Clarence’s Clarion Call – Give Me Resurrection

     by Clarence Rempel, WDC Conference Minister

I might have overdosed on Jesus’ passion, suffering and death during Holy Week. It began Maundy Thursday with a beautiful service of sharing a meal with foot washing, hearing the biblical passion narrative read, and receiving holy communion. I left thankful and ready for the surprise of resurrection. I am like a little kid. I know how the story ends, but I want to hear it again.

Good Friday I revisited the passion story in a silent movie from 1929 accompanied by dramatic organ music. Between observing scenes and reading scripts, this movie took an awfully long time to get to the glorious climax of the story. In fact, I learned a lot more about Mary Magdalene than I did about the resurrected Jesus.

At the sunrise service on Easter, we began by singing a song about Christ’s death and hearing the unfolding story of Passion Week beginning with Jesus’ entry into Jerusalem on a donkey. I was getting anxious for resurrection.

Easter Sunday afternoon we took in an exquisite concert of African-American spirituals at Bethany College, Lindsborg, Kansas, focusing on Christ’s birth, suffering, and death. Wait a minute! What happened to the resurrection?

I relish the Apostle Paul’s concise statement of the good news of Jesus Christ in I Corinthians 15:3-8. One critical verse about Christ’s death – “Christ died for our sins according to the Scriptures” – and five verses about Christ’s resurrection beginning with – “he was raised on the third day according to the Scriptures.” And then fifty more verses about resurrection. I like that ratio.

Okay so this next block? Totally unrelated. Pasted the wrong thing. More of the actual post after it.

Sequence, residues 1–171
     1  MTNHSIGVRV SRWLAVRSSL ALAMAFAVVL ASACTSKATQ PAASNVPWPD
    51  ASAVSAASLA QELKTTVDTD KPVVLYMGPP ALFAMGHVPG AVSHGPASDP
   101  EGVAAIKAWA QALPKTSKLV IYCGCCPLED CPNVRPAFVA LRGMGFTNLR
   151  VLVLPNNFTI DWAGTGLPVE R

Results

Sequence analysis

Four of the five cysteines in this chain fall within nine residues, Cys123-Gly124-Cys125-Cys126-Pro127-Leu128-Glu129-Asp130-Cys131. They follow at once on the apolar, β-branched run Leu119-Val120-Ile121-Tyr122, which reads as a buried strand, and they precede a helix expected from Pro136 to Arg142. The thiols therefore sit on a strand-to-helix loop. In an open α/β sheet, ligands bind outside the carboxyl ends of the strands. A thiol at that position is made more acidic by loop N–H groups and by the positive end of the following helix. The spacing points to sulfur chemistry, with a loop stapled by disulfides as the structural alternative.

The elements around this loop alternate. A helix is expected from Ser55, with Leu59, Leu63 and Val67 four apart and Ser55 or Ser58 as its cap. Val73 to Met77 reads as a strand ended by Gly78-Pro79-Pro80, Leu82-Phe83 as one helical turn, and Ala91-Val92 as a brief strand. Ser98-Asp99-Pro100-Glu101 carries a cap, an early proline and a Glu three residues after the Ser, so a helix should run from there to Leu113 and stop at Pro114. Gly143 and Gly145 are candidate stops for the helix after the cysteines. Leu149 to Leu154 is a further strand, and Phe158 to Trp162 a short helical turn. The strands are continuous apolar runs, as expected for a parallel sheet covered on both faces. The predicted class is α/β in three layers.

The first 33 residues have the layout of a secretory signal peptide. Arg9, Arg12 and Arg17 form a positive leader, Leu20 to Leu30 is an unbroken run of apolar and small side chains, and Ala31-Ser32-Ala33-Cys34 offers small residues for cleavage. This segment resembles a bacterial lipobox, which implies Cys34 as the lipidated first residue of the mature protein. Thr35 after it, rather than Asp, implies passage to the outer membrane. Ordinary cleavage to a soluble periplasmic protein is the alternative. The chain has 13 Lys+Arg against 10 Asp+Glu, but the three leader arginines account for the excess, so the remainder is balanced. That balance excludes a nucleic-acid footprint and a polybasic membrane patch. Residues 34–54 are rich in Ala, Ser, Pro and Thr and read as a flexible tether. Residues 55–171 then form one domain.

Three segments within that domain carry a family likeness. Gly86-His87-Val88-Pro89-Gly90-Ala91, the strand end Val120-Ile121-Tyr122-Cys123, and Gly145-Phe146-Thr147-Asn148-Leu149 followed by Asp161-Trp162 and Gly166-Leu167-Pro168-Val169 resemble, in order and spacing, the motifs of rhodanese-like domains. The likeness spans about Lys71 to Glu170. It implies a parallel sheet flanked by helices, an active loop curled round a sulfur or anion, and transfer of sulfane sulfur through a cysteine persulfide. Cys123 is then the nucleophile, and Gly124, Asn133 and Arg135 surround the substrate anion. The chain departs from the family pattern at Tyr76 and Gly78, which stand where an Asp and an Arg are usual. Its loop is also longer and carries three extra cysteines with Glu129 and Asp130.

The Apostle Paul goes on to make the reckless, all-or-nothing claim that without the resurrection you can just forget about the whole salvation-in-Jesus thing. “And if Christ has not been raised, your faith is futile; you are still in your sins. Then those also who have fallen asleep in Christ are lost. If only for this life we have hope in Christ, we are to be pitied more than all others,” (I Corinthians 15:17-19).  Amen! Give me resurrection!

Resurrection means that Jesus is indeed the “Lord and Messiah” he claimed to be (Acts 2:36). Give me resurrection!

Resurrection means that the victory over sin and death has been won, and we can already live in the way of righteousness (Romans 6:4-13). Give me resurrection!

Resurrection means that our bodies are precious to God and deserve to be cared for now and will be restored in the future (I Corinthians 15). This is in contrast to the Graeco-Roman philosophy that matter is evil and the only hope for the soul is to escape the evil of matter and the stranglehold of the body. God’s global restoration project is not about escaping the world of matter. Resurrection means that the injustices and evils of this present world must now be addressed with God’s healing and hope. Give me new life. Give me resurrection!

Resurrection means that none of our work done for Jesus in the name of Jesus will ever be lost (I Corinthians 15:58). Every smile of hospitality and every dollar of charity will be caught up into the stream of God’s expanding kingdom that’s flowing through our world and into eternity. Give me resurrection!